loo_model_weights is a wrapper around the stacking_weights and pseudobma_weights functions that implements stacking, pseudo-BMA, and pseudo-BMA+ weighting for combining multiple predictive distributions. We can use approximate or exact leave-one-out cross-validation (LOO-CV) or K-fold CV to estimate the expected log predictive density (ELPD).

The stacking method (method="stacking") combines all models by maximizing the leave-one-out predictive density of the combination distribution. That is, it finds the optimal linear combining weights for maximizing the leave-one-out log score.

The pseudo-BMA method (method="pseudobma") finds the relative weights proportional to the ELPD of each model. However, when method="pseudobma", the default is to also use the Bayesian bootstrap (BB=TRUE), which corresponds to the pseudo-BMA+ method. The Bayesian bootstrap takes into account the uncertainty of finite data points and regularizes the weights away from the extremes of 0 and 1.

In general, we recommend stacking for averaging predictive distributions, while pseudo-BMA+ can serve as a computationally easier alternative.


Vehtari, A., Gelman, A., and Gabry, J. (2017a). Practical Bayesian model evaluation using leave-one-out cross-validation and WAIC. Statistics and Computing. 27(5), 1413--1432. doi:10.1007/s11222-016-9696-4. ( journal, preprint arXiv:1507.04544).

Vehtari, A., Gelman, A., and Gabry, J. (2017b). Pareto smoothed importance sampling. arXiv preprint:

Yao, Y., Vehtari, A., Simpson, D., and Gelman, A. (2018) Using stacking to average Bayesian predictive distributions. Bayesian Analysis, advance publication, doi:10.1214/17-BA1091. (online).

See also

  • The loo package vignettes for demonstrations.

  • loo for details on leave-one-out ELPD estimation.

  • constrOptim for the choice of optimization methods and control-parameters.

  • relative_eff for computing r_eff.


### Demonstrating usage after fitting models with RStan

# generate fake data from N(0,1).
N <- 100
y <- rnorm(N, 0, 1)

# Suppose we have three models: N(-1, sigma), N(0.5, sigma) and N(0.6,sigma).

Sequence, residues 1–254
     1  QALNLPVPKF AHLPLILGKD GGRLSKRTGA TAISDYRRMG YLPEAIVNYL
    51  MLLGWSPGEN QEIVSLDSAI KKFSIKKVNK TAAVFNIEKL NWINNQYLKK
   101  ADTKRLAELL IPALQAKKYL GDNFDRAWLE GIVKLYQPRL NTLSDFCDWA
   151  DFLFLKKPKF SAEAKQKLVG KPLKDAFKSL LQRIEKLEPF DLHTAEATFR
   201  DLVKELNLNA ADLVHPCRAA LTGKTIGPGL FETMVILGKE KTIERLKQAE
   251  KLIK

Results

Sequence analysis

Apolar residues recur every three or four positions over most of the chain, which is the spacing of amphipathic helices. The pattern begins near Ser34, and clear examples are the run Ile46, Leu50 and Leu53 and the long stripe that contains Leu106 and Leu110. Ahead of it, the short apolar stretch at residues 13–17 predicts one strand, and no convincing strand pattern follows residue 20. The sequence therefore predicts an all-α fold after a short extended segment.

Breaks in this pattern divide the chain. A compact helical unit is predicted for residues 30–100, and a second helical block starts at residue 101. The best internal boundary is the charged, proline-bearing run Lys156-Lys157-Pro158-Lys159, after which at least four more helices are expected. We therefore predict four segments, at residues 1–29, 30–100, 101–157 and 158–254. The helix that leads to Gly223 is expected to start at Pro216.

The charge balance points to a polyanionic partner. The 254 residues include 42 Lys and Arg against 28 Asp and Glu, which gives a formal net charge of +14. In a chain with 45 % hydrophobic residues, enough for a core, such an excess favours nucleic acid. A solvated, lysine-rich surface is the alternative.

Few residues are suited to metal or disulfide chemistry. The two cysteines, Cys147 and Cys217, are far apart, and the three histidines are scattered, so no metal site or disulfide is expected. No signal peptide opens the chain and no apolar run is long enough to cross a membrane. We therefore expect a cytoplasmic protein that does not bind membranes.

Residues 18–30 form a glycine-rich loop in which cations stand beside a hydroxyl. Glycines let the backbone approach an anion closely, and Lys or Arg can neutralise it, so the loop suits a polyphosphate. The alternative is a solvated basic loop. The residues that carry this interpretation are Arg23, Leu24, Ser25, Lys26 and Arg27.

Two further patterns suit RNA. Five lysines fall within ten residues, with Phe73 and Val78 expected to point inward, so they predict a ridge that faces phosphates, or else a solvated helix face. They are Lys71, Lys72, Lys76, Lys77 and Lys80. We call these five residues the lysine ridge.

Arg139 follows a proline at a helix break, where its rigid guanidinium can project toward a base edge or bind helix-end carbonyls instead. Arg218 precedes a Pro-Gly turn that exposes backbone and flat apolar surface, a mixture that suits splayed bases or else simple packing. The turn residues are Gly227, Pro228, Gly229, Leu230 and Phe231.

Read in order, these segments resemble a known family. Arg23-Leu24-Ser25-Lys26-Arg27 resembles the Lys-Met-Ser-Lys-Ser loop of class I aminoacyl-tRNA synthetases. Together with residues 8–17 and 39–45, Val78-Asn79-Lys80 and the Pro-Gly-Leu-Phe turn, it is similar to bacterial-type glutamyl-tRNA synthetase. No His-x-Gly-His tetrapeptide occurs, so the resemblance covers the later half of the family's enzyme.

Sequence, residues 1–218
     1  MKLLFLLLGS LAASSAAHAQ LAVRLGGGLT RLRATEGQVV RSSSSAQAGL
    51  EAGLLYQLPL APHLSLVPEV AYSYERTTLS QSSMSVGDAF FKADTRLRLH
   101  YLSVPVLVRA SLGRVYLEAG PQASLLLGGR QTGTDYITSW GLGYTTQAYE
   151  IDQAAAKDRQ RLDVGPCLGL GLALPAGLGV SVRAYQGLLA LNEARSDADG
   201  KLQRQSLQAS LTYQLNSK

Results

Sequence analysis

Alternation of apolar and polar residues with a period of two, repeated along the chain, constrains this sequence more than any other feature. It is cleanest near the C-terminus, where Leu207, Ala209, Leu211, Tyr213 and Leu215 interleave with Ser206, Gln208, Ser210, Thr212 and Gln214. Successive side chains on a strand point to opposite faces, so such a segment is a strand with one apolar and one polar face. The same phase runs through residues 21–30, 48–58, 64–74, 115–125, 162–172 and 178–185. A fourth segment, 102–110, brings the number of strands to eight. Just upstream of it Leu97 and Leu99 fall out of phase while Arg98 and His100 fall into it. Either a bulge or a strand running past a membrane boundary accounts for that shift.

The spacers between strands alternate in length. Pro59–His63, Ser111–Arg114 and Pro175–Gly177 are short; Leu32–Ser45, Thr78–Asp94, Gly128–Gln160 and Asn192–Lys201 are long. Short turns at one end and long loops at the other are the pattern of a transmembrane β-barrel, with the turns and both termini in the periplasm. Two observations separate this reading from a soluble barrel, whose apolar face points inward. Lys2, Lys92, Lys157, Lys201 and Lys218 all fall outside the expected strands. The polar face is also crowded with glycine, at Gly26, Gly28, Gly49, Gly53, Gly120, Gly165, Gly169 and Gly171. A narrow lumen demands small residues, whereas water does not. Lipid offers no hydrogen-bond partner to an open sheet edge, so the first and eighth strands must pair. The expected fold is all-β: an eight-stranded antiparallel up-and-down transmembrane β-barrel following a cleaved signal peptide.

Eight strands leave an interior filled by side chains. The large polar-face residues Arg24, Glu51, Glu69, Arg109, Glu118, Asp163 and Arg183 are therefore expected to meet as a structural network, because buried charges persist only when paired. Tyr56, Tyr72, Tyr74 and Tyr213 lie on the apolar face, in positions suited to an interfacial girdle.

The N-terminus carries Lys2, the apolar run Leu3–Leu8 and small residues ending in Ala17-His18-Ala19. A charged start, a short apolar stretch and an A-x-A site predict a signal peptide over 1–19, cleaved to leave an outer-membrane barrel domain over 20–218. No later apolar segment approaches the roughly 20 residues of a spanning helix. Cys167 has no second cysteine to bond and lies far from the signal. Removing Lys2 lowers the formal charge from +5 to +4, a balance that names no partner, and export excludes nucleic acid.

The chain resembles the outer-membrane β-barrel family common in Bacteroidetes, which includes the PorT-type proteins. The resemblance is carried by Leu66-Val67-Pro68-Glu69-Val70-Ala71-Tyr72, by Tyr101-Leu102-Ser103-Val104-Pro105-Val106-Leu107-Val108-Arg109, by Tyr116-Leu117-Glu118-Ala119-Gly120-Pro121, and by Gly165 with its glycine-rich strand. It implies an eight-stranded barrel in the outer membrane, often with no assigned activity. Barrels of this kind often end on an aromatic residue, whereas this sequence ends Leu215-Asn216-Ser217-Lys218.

stan_code <- "
  data {
    int N;
    vector[N] y;
    real mu_fixed;
  parameters {
    real<lower=0> sigma;
  model {
    sigma ~ exponential(1);
    y ~ normal(mu_fixed, sigma);
  generated quantities {
    vector[N] log_lik;
    for (n in 1:N) log_lik[n] = normal_lpdf(y[n]| mu_fixed, sigma);

mod <- stan_model(model_code = stan_code)
fit1 <- sampling(mod, data=list(N=N, y=y, mu_fixed=-1))
fit2 <- sampling(mod, data=list(N=N, y=y, mu_fixed=0.5))
fit3 <- sampling(mod, data=list(N=N, y=y, mu_fixed=0.6))
model_list <- list(fit1, fit2, fit3)
log_lik_list <- lapply(model_list, extract_log_lik)

# optional but recommended
r_eff_list <- lapply(model_list, function(x) {
  ll_array <- extract_log_lik(x, merge_chains = FALSE)

# stacking method:
wts1 <- loo_model_weights(
  method = "stacking",
  r_eff_list = r_eff_list,
  optim_control = list(reltol=1e-10)

# can also pass a list of psis_loo objects to avoid recomputing loo
loo_list <- lapply(1:length(log_lik_list), function(j) {
  loo(log_lik_list[[j]], r_eff = r_eff_list[[j]])

wts2 <- loo_model_weights(
  method = "stacking",
  optim_control = list(reltol=1e-10)
all.equal(wts1, wts2)

# pseudo-BMA+ method:
loo_model_weights(loo_list, method = "pseudobma")

# pseudo-BMA method (set BB = FALSE):
loo_model_weights(loo_list, method = "pseudobma", BB = FALSE)

# calling stacking_weights or pseudobma_weights directly
lpd1 <- loo(log_lik_list[[1]], r_eff = r_eff_list[[1]])$pointwise[,1]
lpd2 <- loo(log_lik_list[[2]], r_eff = r_eff_list[[2]])$pointwise[,1]
lpd3 <- loo(log_lik_list[[3]], r_eff = r_eff_list[[3]])$pointwise[,1]
stacking_weights(cbind(lpd1, lpd2, lpd3))
pseudobma_weights(cbind(lpd1, lpd2, lpd3))
pseudobma_weights(cbind(lpd1, lpd2, lpd3), BB = FALSE)
# }